On the gap between books

mind_the_gap_A strange occurrence from a fortnight ago. I finished reading Denise Mina’s Gods and Beasts early Saturday evening, then fired up the laptop and started throwing words at the screen (which eventually became the review you can find here). At about 11, Mrs WAYRF and I went to bed; on the way up, I grabbed Stav Sherez’s Eleven Days from a pile on top of the landing bookcase. I have a second pile of books by the bed, but that’s another story.

Anyway, I took Eleven Days to bed with me. I looked at the cover, read the blurb on the back, the author biography, the reviews, the dedication – all of the things I usually skip and come back to later. When I did finally turn to page 1 proper, I had an uneasy feeling; this was confirmed when I skimmed the first half-dozen lines, but without any commitment. Despite previously looking forward to it, my brain was clearly trying to avoid starting the book. It felt wrong. It felt too soon.

As it turned out, I didn’t start Eleven Days until the following Friday, almost a week after I finished Gods and Beasts – partly because of the nightmare that is my day-job, the kids waking us at 2am to vomit all over the floor, and a dozen other reasons. Normally, all things being equal, I’m rarely between books for that long. If I’m not plunging into something new within a few days, I get twitchy. I feel like I did when I stopped smoking several years ago – fidgety, and at a loss for what to do with my hands.

This means that I almost never go anywhere without a book (which is so much easier in the age of the e-reader – I now have a whole library of several hundred books at my disposal, which if not quite Cloud Nine is firmly located on Clouds Seven and/or Eight). But – and this is an important distinction – that is not to say I am always reading. In this age of infinite choice, and instantaneous digital delivery, there are also occasions when jumping quickly from one book into the next feel a bit – relentless. I’m as committed a reader as you’ll find, and yet even I sometimes need a break from it. I read for pleasure, not to tick books off some imaginary scorecard. The only thing worse than being told what to read would be when to read it – then it really would feel like work.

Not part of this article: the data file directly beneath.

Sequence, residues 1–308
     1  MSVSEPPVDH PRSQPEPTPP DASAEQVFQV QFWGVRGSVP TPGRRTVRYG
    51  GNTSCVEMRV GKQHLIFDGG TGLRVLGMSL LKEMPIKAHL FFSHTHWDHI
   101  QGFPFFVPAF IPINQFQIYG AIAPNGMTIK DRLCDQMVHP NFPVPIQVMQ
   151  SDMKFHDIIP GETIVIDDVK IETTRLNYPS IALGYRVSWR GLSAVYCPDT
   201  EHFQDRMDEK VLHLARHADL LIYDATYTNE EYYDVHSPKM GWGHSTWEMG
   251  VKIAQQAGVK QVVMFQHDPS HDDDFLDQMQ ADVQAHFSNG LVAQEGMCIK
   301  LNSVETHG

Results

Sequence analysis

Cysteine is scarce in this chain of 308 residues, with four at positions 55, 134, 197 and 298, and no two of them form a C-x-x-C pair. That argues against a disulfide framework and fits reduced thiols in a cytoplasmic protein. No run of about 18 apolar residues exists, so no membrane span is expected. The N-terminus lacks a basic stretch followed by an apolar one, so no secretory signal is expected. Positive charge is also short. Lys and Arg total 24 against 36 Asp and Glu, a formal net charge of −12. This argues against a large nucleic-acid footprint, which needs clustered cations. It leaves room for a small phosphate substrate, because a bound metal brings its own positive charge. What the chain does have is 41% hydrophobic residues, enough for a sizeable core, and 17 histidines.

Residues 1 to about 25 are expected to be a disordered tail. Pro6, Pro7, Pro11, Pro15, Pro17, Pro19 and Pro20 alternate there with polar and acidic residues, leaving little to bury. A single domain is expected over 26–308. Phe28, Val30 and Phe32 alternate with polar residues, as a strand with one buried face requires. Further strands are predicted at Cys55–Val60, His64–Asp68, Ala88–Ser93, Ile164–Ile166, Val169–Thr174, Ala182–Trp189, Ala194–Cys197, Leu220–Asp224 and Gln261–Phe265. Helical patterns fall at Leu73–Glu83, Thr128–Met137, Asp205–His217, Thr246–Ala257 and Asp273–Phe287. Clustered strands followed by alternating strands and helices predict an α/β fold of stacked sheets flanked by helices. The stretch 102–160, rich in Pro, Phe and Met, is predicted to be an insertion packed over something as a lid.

Immersing yourself in the world that an author conjures up is one of reading’s great joys and, if they’re doing it right, you want to stay in the world they create. When you finish a book, moving too quickly onto a new one can feel somewhat uncomfortable, perhaps even a little disrespectful. This is exactly what happened when I picked up Eleven Days – I had unfinished business with Gods and Beasts, which only really started to dissipate after I finished writing my review the following evening. 

Having that gap between books is a vital opportunity to reflect upon them. Some of my most interesting reads are those where I’m not immediately sure what I thought about them. You engage with them, and feel them viscerally, but you’re not sure why. In those cases, as with bread dough, you need to leave a book alone for a while to see if it rises. For me, the length of the gap after finishing a book (and before beginning a new one) is often a good guide to how much I enjoyed it – or, perhaps more accurately, how much it affected me. If I’m still thinking about it a week later, even when I’m in the middle of something else, chances are I’ll still remember it a year, maybe 10 years, afterwards.

But sometimes the yeast is already dead, or the water’s not warm enough, and you just have to accept that nothing’s happening. Where it’s a book I’ve not finished, or which I’ve struggled my way through, moving quickly onto something new can be a positive relief. If that is the case, chances are I’ve been lining something else up for a while, and I can’t open the covers fast enough. Mentally I’ve already started on the next book, so that the gap between them is pretty much non-existent.

All of which shows just how contradictory I can be. For whilst in many cases I’m as unswerving and loyal as a rock, there are others where I can be as ruthless and as cold-blooded as they come. As far as my reading is concerned, at any rate.


  1. I have this too, I wrote a blog post about it, see http://wp.me/p3DyQl-5Q. I think it’s to do with how much you’ve enjoyed or are caught up in book can take you time to adjust to another. Perhaps you need time to process them. However, it’s not uncommon for me to read more than one book at a time.

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